Louisiana cooks shopping for Thanksgiving will find the costs of basic dinner items up this year. The 2010 Thanksgiving market basket will average $40.64 for 10 people, according to an LSU AgCenter survey.
“That’s an increase of $3.12 from last year’s Baton Rouge average of $37.52 – or an increase of 9 percent,” said LSU AgCenter family economist Jeanette Tucker.
The cost of a 16-pound turkey at $16.28, or roughly $1.02 per pound, reflects an increase of 18 cents per pound or a total increase of $2.81 per turkey. "This is the largest contributor to the overall increase in the cost of the 2010 Thanksgiving dinner," Tucker said.
Turkeys are still a bargain
While this reflects a notable change, Tucker said turkey remains a bargain for the frugal shopper – healthy, delicious, lean meat for around $1 per pound. She said the cost increase could be attributed to several factors, notably higher grain costs that have increased the cost of production of food animals. Poultry production also is down from historic levels.
The LSU AgCenter and Farm Bureau surveys both looked for the best possible prices without taking advantage of special promotional coupons or purchase deals.
Research suggests that four out of five Thanksgiving turkeys are sold on a holiday special. U.S. Department of Agriculture research in 2004 found that whole, frozen turkeys sold in November were two-thirds the cost consumers paid for similar turkeys during the other 11 months of the year.
"This suggests that many consumers will probably purchase Thanksgiving turkeys for considerably less than either survey reports," Tucker said. With projected holiday price decreases, wise shoppers may wish to purchase a second turkey to keep in the freezer for future low-cost meals.
Other food items up .... and down in price
Other items that showed a price increase include three pounds sweet potatoes, $2.66 (up 45 cents); 12-ounce cubed stuffing mix, $2.84 (up 41 cents); 12- ounce bag of fresh cranberries, 2.85 (up 33 cents); one gallon of whole milk, $4.07 (up 19 cents); 30-ounce pumpkin pie mix, $2.73 (up 5 cents); and 16-ounce frozen green peas, $1.31 (up 2 cents).
Items showing a price decrease this year include 12-ounce brown and serve rolls, $1.63 (down 50 cents); two 9-inch pie shells, $2.15 (down 29 cents); and 8 ounces of whipping cream, $1.62 (down 16 cents).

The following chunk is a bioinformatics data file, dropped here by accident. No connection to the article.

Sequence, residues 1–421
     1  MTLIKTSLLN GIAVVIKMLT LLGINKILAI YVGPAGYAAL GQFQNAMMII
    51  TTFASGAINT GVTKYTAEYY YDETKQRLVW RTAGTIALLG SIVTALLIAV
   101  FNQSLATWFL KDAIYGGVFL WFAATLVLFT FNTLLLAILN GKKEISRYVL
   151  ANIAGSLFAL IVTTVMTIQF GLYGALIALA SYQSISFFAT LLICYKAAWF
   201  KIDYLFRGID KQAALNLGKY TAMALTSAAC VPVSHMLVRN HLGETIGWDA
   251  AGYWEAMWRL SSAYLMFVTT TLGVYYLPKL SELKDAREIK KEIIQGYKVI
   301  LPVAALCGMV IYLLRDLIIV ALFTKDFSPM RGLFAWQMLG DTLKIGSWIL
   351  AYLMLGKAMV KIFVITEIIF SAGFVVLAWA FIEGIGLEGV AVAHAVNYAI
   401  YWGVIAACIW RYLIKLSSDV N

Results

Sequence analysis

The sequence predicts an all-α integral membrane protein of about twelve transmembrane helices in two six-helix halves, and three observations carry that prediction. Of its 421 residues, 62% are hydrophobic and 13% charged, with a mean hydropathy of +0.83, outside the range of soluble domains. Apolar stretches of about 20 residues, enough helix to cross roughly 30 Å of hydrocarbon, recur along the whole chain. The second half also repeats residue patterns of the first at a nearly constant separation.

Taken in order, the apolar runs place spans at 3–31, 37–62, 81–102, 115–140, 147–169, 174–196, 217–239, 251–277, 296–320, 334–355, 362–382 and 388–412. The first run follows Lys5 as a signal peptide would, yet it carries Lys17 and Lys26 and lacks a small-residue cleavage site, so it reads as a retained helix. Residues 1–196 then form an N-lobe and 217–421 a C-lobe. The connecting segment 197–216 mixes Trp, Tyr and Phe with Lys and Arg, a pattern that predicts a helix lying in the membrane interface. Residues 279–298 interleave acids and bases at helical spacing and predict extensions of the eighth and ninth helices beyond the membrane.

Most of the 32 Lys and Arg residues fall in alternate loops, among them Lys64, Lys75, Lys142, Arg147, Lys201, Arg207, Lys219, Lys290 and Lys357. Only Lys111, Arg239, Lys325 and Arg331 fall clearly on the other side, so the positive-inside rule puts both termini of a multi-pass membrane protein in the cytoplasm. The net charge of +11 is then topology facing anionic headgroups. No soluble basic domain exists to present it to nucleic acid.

The Farm Bureau study didn’t provide enough information to replicate the costs for a group of miscellaneous items such as coffee, celery, carrots and other ingredients necessary to prepare the meal – onions, eggs, sugar, flour, evaporated milk and butter.
"Thus, the AgCenter used last year’s national average of $2.50," Tucker said.
Consumer Price Index data indicate the cost of food at home increased 1.4 percent during the 12-month period ending in September 2010. The 9 percent increase in the cost of the Thanksgiving market basket suggests these items saw greater price increases than the market as a whole.
The Farm Bureau survey was first conducted in 1986 when the average cost of a Thanksgiving meal for 10 was $28.74. According to Consumer Price Index data, the 1986 Thanksgiving market basket would cost $57.28 in 2010 dollars, indicating the real cost of the holiday meal has actually decreased over time.
“On average, American consumers have enjoyed stable food costs over the years, particularly when you adjust for inflation,” Tucker said.
Consumers can enjoy a wholesome, home-cooked turkey dinner for just over $4 per person - less than a typical fast food meal. “That’s a real bargain in these challenging economic times,” Tucker noted.
The family economist offers several tips for saving money when shopping for the Thanksgiving meal:
– Always use a list and minimize the number of trips to the store.
– Develop the list based on store layout to save time as well as money.
– Shop alone and avoid going to the store just before a meal.
– Check store ads and flyers for money-saving specials.
– Use coupons to reduce the cost of products you usually buy and use.
– Purchase generic or store brands when practical and money-saving.
– Remember that items placed at eye level on shelves are often more expensive.
– Purchase fruits, vegetables and fresh seafood in season to avoid higher prices.
– Purchase fresh, unpeeled, unwashed, unpackaged vegetables.
– Buy in bulk whenever practical to save on costs per ounce or pound.
– Determine the cost per serving when selecting meats.
– Check unit pricing to save money.
– Avoid expensive single servings and snack packs.
– Be flexible to take advantage of in-store specials.